A compendium of messages from or regarding President Robyn Hannigan.


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A series of musings from President Hannigan on contemporary topics that transcend higher education in which she offers thoughts and opinions to the Ursinus family and our surrounding community.

Marginalia: Revolutionizing Liberal Education

Earlier this month, Ursinus College had the distinct pleasure of hosting “Revolutions in Liberal Education,” a first-of-its-kind national colloquium where 40 esteemed higher education innovators and thought leaders gathered to discuss—and to defend—the value of a liberal education. That event was accompanied by news coverage and media inquiries from across the country, notably:

  • “Great Books Can Heal Our Divided Campuses” (The Wall Street Journal)
  • “Inside the Fight to Save American College from Runaway Careerism”
    (The Philadelphia Inquirer)
  • “Defining Liberal Education, and How to Advertise It” (Inside Higher Ed)

There is perhaps no better time to reflect on liberal education and its importance in the national discourse. As we are all aware, liberal education (as it seemingly has for centuries) continues to stand trial and draw scrutiny. By definition, it promotes integration of learning across disciplines, exploring and questioning all ways of knowing, thereby creating new understanding that leads to solutions to the world’s most pressing problems. It ensures a sustainable and just future for people, places, and planet. But its detractors tend to not see beyond what all that has to do with career outcomes.

In this Philadelphia Inquirer column—in which Ursinus was acknowledged as a long-time “innovator in the renewal of the liberal arts”—Roosevelt Montás of Columbia University, who spoke at Ursinus’s commencement ceremony, said, “The biggest overall climate threat [to higher education] is an increasingly transactional view of education, where … the public sort of thinks of colleges as career services.”

That was a common theme that emerged throughout the colloquium as attendees wrestled with ways to confront the challenges that colleges like ours face; and how to shift the narrative from the transactional to the transformational. It reminds me of Kevin Walthers’s recent musings on the topic, in which he says, “The question is not whether college is worth the cost or not. The question is how do we maximize opportunities for young people to advance their economic mobility?”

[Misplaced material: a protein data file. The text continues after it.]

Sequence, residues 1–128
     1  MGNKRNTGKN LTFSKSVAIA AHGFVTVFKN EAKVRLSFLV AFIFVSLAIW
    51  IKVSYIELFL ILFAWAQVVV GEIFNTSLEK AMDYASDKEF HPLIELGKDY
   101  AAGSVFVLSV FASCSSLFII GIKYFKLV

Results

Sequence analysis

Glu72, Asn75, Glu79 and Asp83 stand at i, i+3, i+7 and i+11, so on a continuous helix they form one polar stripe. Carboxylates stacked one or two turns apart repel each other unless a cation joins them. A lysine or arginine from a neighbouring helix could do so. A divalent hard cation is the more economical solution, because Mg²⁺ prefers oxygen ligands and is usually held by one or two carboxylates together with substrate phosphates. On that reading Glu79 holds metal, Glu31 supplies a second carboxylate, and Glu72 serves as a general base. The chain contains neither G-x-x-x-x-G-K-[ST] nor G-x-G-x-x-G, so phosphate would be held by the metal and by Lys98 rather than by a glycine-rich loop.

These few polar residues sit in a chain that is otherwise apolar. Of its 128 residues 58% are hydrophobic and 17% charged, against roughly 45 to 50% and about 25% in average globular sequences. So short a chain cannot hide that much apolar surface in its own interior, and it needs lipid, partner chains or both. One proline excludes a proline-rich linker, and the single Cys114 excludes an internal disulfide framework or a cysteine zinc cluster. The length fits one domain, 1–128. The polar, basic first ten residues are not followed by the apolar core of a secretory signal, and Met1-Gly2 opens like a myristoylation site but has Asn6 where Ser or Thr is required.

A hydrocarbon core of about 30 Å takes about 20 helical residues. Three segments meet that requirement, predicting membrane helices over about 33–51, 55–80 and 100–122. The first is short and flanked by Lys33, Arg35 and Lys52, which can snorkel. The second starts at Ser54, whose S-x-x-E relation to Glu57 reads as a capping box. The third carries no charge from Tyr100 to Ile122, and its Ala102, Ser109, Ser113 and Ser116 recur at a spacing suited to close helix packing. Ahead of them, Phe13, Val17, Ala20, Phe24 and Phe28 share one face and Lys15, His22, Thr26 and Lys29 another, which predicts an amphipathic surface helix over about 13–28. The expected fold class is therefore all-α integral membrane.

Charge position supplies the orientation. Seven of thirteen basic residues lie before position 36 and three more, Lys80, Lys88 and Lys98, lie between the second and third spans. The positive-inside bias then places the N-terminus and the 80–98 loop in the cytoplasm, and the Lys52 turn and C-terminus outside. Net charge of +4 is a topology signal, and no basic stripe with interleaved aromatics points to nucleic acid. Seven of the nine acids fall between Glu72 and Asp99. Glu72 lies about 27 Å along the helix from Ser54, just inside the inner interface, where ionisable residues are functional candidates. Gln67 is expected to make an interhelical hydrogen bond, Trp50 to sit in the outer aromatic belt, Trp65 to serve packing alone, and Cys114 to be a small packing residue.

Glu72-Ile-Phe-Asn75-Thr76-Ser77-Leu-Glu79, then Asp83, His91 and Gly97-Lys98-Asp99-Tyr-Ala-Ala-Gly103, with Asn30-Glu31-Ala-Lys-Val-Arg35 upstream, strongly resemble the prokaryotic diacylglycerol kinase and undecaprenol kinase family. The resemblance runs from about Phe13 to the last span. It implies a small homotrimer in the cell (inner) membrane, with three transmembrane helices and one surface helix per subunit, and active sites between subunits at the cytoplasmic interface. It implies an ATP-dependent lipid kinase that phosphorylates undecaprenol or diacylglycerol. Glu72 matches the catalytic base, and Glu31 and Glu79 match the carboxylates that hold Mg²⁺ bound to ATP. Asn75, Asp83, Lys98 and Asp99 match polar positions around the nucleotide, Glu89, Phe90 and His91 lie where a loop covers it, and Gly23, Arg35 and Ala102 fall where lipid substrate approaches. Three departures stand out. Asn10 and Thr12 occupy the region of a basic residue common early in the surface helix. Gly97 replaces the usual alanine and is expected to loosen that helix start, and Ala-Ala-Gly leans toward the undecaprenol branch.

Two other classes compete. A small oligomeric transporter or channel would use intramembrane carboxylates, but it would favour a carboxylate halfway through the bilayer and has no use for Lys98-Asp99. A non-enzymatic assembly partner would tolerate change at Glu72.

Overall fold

As I stated in Inside Higher Ed, pitting liberal education against career preparation is a false dichotomy—they’re often positioned as opposing forces, but in reality, the very nature of a liberal education is to not prepare individuals for one job, but to best position them for a successful life.

As members of this Ursinus community—as faculty, staff, students, alumni, and parents—you’re well aware that our promise of a quest for knowledge expands opportunities for our students and, by virtue of their common good, works to benefit and better society.

It was appropriate that the two-day conference occurred at the birthplace of the Common Intellectual Experience, where engagement in discourse such as this—driven by four enduring questions—is commonplace. For more than two decades, CIE has—as The Wall Street Journal states in this column—defied the odds and has served as a model for liberal education at a time when some institutions are abandoning it.

But we can’t just preach to the choir. The colloquium was inspirational, but we are like-minded in that we already see the value of liberal education. We know it because we live it. It has informed our experiences.

We must not just pontificate—it’s time we took to the battleground to not just defend, but to demonstrate, our value. As a college president, I’m committed to empowering our students to embody the full power of a liberal education—one grounded in tradition, like our CIE, but one in which “the freedom of one’s mind” (as noted in the Inquirer column) allows students to cultivate the discernment and leadership required to understand and achieve success throughout their lives. That is done by working across many disciplines to solve today’s problems by thinking differently, collaboratively, and entrepreneurially to ensure the health and well-being of people, places, and our planet. Evidence of this lies in the very research our students and faculty do on our campus.

I was honored to have hosted this colloquium at Ursinus, which served as an opportunity to step out in front of these challenges and work together to reframe the national dialogue. It doesn’t end with discussion. Let’s keep taking action and revolutionize liberal education together.


President Robyn Hannigan

“Marginalia” is a series of columns from President Hannigan. If you’d like to share your thoughts or reflections on this piece, email presidentsoffic​